Vinyl records

The Vinyl Resurgence: What It Means For Audiophiles

8:40 pm

I remember when my dad got his first CD player in 1985. He was a bonafide music enthusiast with a record collection that covered one entire wall of our living room. Dad would build his own speaker enclosures and loved cranking up the tunes. He introduced me to more music than anyone else in my life. When the CD era began my dad made the switch pretty quickly and now his amazing record collection is long gone. But now vinyl is back. Don’t believe me? LP sales are at an 18 year high and are way up from the low point of 2006. People are buying both new and classic records on vinyl. Jack White’s Lazaretto was the top selling LP of 2014 with over 75,000 sold, the most since Pearl Jam’s Vitalogy back in 1994. And this February the Lego Movie soundtrack was released on vinyl. Did you see that coming?

If you are the kind of person who thinks of listening to music as an experience rather than an activity, you might be one of those people buying records. There’s just something more personal about the process of listening to an LP. It requires more focused attention, more steps than simply pressing play on a computer screen. And if you are that sort of person, you might also like playing your records through a nice vacuum tube preamp and power amplifier. There are lots of options for tube phono preamplifiers including kits you can build yourself. Bellari has one with a USB out for digitizing your LPs. I like listening to vinyl at home, but I also enjoy listening to my music in the car and I don’t want to buy a CD copy of The Wall when I already own it on vinyl. Jim Hagerman offers some very cool tube preamplifier kits that are as easy to build as any paint-by-numbers pedal project. When it comes to the tube amp the options are endless, from little 5 and 10 watt units up to giant (and heavy) amps. And again, there are kits for the DIY folks, including some here at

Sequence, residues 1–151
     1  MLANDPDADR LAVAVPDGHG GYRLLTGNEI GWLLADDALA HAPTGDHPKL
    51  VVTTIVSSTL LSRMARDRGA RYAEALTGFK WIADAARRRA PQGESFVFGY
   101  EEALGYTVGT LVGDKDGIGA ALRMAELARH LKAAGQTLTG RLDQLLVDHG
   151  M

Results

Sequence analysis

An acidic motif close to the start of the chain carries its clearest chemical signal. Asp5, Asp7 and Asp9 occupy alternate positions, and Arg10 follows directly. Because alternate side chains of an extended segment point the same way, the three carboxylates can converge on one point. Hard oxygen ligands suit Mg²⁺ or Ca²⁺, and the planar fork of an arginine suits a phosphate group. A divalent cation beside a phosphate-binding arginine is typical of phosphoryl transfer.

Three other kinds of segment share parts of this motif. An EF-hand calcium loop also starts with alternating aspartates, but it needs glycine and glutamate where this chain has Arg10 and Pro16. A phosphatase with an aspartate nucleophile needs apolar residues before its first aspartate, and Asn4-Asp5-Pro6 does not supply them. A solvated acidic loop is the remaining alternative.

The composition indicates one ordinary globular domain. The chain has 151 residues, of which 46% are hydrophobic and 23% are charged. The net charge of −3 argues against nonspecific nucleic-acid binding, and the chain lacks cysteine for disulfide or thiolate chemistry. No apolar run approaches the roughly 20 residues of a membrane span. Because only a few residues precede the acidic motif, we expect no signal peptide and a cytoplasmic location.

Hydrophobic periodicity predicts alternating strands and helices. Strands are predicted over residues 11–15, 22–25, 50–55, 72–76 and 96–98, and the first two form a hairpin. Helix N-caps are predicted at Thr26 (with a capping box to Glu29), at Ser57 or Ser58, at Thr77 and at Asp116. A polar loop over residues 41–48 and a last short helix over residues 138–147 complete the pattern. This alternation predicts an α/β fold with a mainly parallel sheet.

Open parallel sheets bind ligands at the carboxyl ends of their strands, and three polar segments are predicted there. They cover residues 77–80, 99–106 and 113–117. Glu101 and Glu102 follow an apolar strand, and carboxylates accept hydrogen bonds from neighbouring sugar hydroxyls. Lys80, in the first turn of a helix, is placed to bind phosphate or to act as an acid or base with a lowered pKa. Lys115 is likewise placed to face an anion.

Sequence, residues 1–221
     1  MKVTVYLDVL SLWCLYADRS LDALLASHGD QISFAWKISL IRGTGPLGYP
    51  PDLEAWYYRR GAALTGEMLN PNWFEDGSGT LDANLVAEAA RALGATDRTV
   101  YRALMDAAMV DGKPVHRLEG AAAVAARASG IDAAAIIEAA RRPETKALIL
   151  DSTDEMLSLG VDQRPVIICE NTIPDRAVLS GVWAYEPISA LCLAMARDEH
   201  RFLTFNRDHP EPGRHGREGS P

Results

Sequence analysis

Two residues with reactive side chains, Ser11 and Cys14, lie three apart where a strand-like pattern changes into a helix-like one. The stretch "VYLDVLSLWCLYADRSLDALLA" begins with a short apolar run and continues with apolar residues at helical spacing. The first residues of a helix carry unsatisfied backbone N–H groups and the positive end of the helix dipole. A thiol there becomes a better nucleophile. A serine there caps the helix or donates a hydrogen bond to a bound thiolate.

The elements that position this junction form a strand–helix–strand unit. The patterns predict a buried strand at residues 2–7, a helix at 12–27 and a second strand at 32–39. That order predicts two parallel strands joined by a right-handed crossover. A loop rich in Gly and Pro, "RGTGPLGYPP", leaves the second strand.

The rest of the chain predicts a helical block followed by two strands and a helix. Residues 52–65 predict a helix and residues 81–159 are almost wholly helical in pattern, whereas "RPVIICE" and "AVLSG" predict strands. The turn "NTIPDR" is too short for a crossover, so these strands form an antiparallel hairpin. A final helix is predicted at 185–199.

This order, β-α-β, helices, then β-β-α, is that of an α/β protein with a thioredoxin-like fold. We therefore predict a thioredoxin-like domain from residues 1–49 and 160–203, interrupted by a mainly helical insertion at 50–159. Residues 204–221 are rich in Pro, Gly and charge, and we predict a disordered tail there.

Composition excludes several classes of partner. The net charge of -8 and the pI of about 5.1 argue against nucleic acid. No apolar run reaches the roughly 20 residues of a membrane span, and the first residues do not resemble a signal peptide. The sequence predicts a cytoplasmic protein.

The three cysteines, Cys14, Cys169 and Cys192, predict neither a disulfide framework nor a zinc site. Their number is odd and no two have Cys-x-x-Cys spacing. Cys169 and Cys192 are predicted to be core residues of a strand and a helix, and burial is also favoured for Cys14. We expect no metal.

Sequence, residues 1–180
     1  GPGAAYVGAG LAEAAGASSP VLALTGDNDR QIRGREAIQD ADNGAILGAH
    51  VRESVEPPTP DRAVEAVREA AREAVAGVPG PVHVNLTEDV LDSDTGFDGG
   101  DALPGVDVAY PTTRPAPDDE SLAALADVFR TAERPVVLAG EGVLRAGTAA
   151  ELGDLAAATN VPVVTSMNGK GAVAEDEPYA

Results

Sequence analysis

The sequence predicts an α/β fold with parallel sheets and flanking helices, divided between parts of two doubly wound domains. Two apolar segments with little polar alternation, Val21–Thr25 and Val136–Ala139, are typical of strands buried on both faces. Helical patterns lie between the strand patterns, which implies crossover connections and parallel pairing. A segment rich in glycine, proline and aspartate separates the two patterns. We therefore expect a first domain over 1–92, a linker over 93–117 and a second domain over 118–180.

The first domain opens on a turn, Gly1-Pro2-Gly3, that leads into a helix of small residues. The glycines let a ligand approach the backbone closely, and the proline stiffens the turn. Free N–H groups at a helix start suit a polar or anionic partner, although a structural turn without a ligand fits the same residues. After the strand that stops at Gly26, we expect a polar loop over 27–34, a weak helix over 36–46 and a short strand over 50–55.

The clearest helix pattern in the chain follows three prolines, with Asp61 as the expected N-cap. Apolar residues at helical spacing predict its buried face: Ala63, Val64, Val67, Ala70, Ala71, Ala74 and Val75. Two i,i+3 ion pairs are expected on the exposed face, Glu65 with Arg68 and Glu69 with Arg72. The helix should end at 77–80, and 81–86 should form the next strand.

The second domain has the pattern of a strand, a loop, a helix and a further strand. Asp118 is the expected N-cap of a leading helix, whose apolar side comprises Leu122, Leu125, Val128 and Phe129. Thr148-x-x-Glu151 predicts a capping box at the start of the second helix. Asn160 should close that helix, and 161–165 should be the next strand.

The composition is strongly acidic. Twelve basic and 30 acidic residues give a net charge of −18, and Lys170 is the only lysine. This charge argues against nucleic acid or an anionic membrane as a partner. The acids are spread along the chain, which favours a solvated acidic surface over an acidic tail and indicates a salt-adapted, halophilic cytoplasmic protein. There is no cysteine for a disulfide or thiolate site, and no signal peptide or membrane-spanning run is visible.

It’s much easier now to set up a good quality hi-fi, and most cities will have a few shops where turntables and replacement parts can be purchased. There are still a few used record stores around as well. I love to swing by Encore Records in Ann Arbor when I need to listen to some classic Miles Davis or David Bowie (my tastes run wide!). Often the records are in good shape and are not too pricey. Plus, I grabbed a few favorites from my dad’s old record collection before he sold it. Complete set of Beatles LPs and singles? Thanks, Dad!

If you have been considering upgrading your stereo system and including a record player, now is definitely a great time to do so. That feeling of putting a record on and sitting down to really listen should be more than a memory.

Alex’s Bio: Alex Anest has been performing, recording and teaching music in the Southeast Michigan area since 1996. He was a founding member of the Jericho Guitar Trio, Never Nebula, and Delta 88. With Delta 88 Alex performed across the Midwest and played at the Ann Arbor Folk Festival in 2004. Since then he has toured Switzerland, Germany, Austria and Italy with songwriter Kevin Meisel. Alex currently performs with Ryan Racine and Gas for Less and the electric anti-jazz ensemble Giraffe. Giraffe is a chance for Alex to bring his many musical influences together – a very enjoyable, though sometimes difficult task for a musician who finds inspiration from artists as varied as Paco de Lucia, George Harrison, Thelonious Monk, and Jimi Hendrix. The common thread among these giants (and the goal to which Alex aspires) is the ability to transcend stylistic boundaries while keeping their own unique musical voice intact.

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